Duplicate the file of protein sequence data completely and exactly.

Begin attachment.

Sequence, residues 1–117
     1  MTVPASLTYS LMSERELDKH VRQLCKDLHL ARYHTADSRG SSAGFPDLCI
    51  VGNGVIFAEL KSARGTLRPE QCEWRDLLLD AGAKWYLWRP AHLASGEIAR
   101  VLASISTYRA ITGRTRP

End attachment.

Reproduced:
Sequence, residues 1–117
     1  MTVPASLTYS LMSERELDKH VRQLCKDLHL ARYHTADSRG SSAGFPDLCI
    51  VGNGVIFAEL KSARGTLRPE QCEWRDLLLD AGAKWYLWRP AHLASGEIAR
   101  VLASISTYRA ITGRTRP